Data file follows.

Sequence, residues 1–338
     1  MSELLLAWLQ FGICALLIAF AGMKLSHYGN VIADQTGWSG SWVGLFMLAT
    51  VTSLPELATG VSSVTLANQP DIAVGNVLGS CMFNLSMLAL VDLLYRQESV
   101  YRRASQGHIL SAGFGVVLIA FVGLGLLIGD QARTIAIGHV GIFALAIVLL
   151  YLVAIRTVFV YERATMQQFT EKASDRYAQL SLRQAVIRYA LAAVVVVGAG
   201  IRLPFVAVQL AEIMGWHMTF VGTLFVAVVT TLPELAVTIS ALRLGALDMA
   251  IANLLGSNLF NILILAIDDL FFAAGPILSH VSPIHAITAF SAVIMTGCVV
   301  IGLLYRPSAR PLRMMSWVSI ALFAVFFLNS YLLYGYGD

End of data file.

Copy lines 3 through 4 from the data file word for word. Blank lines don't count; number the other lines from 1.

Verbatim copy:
    51  VTSLPELATG VSSVTLANQP DIAVGNVLGS CMFNLSMLAL VDLLYRQESV
   101  YRRASQGHIL SAGFGVVLIA FVGLGLLIGD QARTIAIGHV GIFALAIVLL